But even with the beauty of the sunset, we were aware that we'd have to get going and cover as much ground as possible before nightfall. We spent perhaps ten minutes on top of Beinn Tarsuinn, but continued onto A' Mhaighdean via. it's spectacular west ridge. There is some scrambling involved in negotiating the knobbly ridge, and we descended to a table like feature of flat bedrock suspended in the air. As the first obstacle on the ridge, we couldn't help but climb onto it's flat top and marvel for a moment at such geology.

After some moments of very enjoyable scrambling (and steep drops) we left off the crest of the ridge and walked along the bypass path to gain as much time as possible. We then descended the slopes of Beinn Tarsuinn when the gradient eased off and headed in the direction of A' Mhaighdean. The bealach connecting the two mountains is only just above 500m, so there would be a considerable amount of reascent on the other side. The bealach below was a broad and obviously a boggy place, although largely dried out during our passing.

It was here that the light also began to fade and we climbed the slopes of A' Mhaighdean in increasing darkness. The ascent to the summit involved climbing many vertical metres, although I don't remember it to be much of a slog as we climbed into the darkness. Once we'd gained some height, we found the southwest-facing cliffs and knew that we could follow them all the way to the summit.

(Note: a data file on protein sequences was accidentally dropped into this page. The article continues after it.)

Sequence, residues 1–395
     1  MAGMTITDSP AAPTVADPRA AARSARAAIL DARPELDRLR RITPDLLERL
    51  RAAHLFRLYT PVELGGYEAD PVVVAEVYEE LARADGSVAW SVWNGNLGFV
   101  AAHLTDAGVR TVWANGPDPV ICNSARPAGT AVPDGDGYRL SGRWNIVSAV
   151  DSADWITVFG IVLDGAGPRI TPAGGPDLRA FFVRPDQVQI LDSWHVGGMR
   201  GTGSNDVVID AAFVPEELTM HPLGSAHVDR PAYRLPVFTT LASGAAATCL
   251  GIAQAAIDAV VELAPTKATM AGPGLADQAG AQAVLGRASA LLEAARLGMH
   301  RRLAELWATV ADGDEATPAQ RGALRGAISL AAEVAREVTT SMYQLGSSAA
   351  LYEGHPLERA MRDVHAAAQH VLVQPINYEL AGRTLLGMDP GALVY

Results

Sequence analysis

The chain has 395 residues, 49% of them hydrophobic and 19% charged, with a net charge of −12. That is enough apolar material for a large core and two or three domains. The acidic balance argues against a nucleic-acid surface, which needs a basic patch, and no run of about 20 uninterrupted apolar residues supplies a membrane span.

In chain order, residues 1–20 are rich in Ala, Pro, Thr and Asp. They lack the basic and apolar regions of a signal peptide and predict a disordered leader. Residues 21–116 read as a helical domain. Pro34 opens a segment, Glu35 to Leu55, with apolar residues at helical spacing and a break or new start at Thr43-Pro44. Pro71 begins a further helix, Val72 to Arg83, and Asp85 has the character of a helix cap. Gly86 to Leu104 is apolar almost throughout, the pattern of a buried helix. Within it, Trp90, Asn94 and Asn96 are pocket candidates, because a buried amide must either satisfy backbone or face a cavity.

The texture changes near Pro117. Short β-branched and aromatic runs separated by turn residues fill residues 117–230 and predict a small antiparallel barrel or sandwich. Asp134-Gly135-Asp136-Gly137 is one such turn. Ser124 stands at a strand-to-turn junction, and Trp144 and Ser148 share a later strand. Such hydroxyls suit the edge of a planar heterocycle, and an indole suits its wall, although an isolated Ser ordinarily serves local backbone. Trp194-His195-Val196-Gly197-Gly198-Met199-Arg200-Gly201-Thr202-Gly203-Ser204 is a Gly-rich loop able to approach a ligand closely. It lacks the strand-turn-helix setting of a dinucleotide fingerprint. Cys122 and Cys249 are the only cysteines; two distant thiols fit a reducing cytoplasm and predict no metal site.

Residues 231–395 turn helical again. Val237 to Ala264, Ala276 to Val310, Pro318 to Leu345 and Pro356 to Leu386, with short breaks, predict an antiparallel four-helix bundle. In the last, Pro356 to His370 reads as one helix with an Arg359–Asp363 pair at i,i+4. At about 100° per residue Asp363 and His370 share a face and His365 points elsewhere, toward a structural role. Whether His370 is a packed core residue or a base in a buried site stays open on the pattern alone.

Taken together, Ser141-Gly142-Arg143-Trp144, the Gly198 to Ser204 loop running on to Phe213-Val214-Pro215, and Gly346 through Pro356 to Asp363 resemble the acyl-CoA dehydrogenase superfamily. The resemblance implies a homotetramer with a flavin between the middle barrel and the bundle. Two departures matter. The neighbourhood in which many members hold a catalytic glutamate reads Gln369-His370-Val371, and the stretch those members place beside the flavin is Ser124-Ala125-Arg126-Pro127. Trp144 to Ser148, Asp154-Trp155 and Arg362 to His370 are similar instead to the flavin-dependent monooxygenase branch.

I had two torches on me, although both were relatively dim. Michael had a brighter head torch (much more suitable for the circumstances...) and as I walked in front, able to vaguely see the ground in front, Michael stopped me and shone his torch on the ground a couple metre or two in front of me revealing a cleft in the cliffs reaching inwards, crossing my potential path. I didn't see it then and probably would have continued not to see it, but a fall down that little gap would have left me a lot more metres lower down from where I fell. Caution was to be called for, mistakes could easily be made and if we were going to follow the cliff line, I was going to make damn sure I knew I wasn't going to step into thin air.